In Part 1, I focused on Glandular Fever and starting a new school as a consequence. When I look back on those couple of years I remember pain and misery, but I also have lots of new memories from that time in my life, lessons learned, and all in all, I met new people who very quickly became a big part of my life. One friend I spoke about was Sophie, my best friend from sixth form but the other person I didn’t mention was my boyfriend, Angus. We met at the end of October 2012 and we decided to give things a go on 10th November. 3 and a half years later (nearly!) we are still together, stronger than ever.
Angus has been my absolute rock, and I know that sounds cheesy and it just sounds like a cliché but in this case, it really is true. When he decided he wanted to be with me, he barely knew me. All he knew was what our mutual friends had told him and if I’m honest, even they didn’t know half of what I’d been through that year. By New Year’s Eve that year we went for a walk after midnight and Angus told me that he loved me. That might seem really quick for two 17 year olds who had only known each other for a couple of months but when you know, you know!
Anyway, Angus slowly found out what he’d let himself in for – an ill (but recovering) girlfriend who needed the support from her family and friends desperately. He never hid away from responsibility; he was always there, ready to text or call me if I needed a pick-me-up, or bringing me chocolate on bad days, sometimes even sending me flowers at particularly bad times. I remember after I was diagnosed with ME/CFS he brought round loads of chocolate and a huge bunch of flowers just to cheer me up and it is down to him that I now own the Friends box set – he’s definitely a keeper!
In September 2013, our relationship was put through the first test – Angus went to University in York. That was a really hard time; I remember having a few drunken break downs about it with my friends (mainly Sophie!) but by the next day, after talking things through with Angus, everything felt okay again.
Come December 2013, Angus was faced with another challenge concerning me. I was visiting him in York and ended up coming down with the flu while I was there. I woke up on the day I was supposed to be leaving and I was hallucinating, having cold sweats and was in agony, everywhere. If I’m totally honest, I can’t really remember this day which isn’t that surprising as I spent the majority of it in and out of sleep. Finally, Angus managed to get me on the train where my Dad picked me up at the other end. That week was a complete write-off for me. What made matters worse was that I didn’t even have my Mum to take care of me as she had to rush up to Glasgow to take care of elderly relatives.
This leads me on to ‘loss’. After a very difficult Christmas, we sadly lost my Aunt (Great Great Aunt but she was like a Grandma to me). I remember driving over to Angus’ that night and just bursting into tears with him and his Mum as soon as I walked through the door. Because my Mum had been in Glasgow on and off throughout the holidays, I really had to help Dad keep the business running, keep the house tidy and clean, and making sure the three of us had meals every night. Over those holidays I had to stay strong and I couldn’t let myself get upset about things because my Mum wasn’t there to pick up the pieces – and let’s be honest here, Dad and Duncan weren’t much use! That night, when I finally let go at Angus’, his Mum knew exactly what to do and was just there for me like my Mum would have been if she’d been with me.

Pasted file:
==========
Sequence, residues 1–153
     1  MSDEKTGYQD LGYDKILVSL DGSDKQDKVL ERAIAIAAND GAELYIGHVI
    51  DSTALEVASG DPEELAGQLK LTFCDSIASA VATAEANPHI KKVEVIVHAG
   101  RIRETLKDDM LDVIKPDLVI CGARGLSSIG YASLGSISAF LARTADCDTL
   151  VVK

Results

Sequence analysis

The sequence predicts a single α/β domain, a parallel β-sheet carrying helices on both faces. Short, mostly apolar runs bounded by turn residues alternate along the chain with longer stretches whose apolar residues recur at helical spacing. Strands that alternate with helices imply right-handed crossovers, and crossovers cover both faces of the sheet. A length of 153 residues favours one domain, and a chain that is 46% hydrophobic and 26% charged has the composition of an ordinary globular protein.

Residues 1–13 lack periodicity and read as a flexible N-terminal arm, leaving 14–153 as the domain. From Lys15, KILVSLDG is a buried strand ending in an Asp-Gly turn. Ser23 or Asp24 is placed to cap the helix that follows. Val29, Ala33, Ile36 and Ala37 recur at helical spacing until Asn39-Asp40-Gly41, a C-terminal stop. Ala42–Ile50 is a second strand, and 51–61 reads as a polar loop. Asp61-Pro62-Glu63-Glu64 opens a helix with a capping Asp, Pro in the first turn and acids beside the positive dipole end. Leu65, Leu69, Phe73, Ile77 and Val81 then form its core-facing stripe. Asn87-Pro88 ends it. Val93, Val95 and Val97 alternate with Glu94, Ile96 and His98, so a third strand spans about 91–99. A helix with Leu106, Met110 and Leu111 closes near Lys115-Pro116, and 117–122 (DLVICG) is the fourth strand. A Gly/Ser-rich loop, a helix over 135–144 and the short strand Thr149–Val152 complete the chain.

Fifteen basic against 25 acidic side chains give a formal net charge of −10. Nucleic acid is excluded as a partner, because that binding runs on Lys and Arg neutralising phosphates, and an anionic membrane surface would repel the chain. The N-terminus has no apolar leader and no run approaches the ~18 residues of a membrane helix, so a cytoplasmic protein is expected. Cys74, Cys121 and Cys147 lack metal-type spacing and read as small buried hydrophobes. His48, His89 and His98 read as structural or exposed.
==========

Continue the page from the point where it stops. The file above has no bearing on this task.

Following on from that Christmas and New Year, it seemed that my glandular fever had reared its ugly head and I was returning back to that time where I was ill two or three times a week, sometimes even four. By the Easter holidays I’d had enough. I went to the Doctors and told them what had been happening. They did the usual blood tests – diabetes, underactive thyroid, vitamin deficiencies, anaemia etc but they all came back negative and I was told that I “was just a normal teenager who got tired and stressed”. Not. Good. Enough.
I continued trying to push through the final couple of months of sixth form, to get my exams out of the way and then it would all be over. I was so naïve. On the morning of my most important exam (English Language) I had to be driven into school by my brother because I wasn’t well and in the middle of the exam I had a panic attack. I was escorted out of the main exam hall and was allowed to rest and recover before having to continue the exam – I was even given a cup of tea once the worst was over! To put things in perspective, on average everyone wrote about 12 pages in this exam – I wrote about 3! That afternoon, I was in so much pain and felt so ill, Mum rang the Doctors and managed to speak to one who seemed to understand. Mum was told to let me finish my exams, doing the best I could, and then take me in to see that Doctor once they were over.
After a recovery holiday to France with my Mum and a referral to a specialist, I was finally diagnosed with ME/CFS.
SO that is Part 2 complete and I really hope this mini series is helping you all understand me just a little bit better.
The years following my Glandular Fever really has shaped the person I am today and despite all the constant ups and downs, I wouldn’t be where I am now without it all.
In the Part 3, I am going to be talking about what happened post-diagnosis and my decisions that affected that following year. I’m hoping that this next part will finish this mini series and it will bring me up to now but we’ll see how it goes!
Until next time, please feel free to connect with me on social media, like, share and comment below!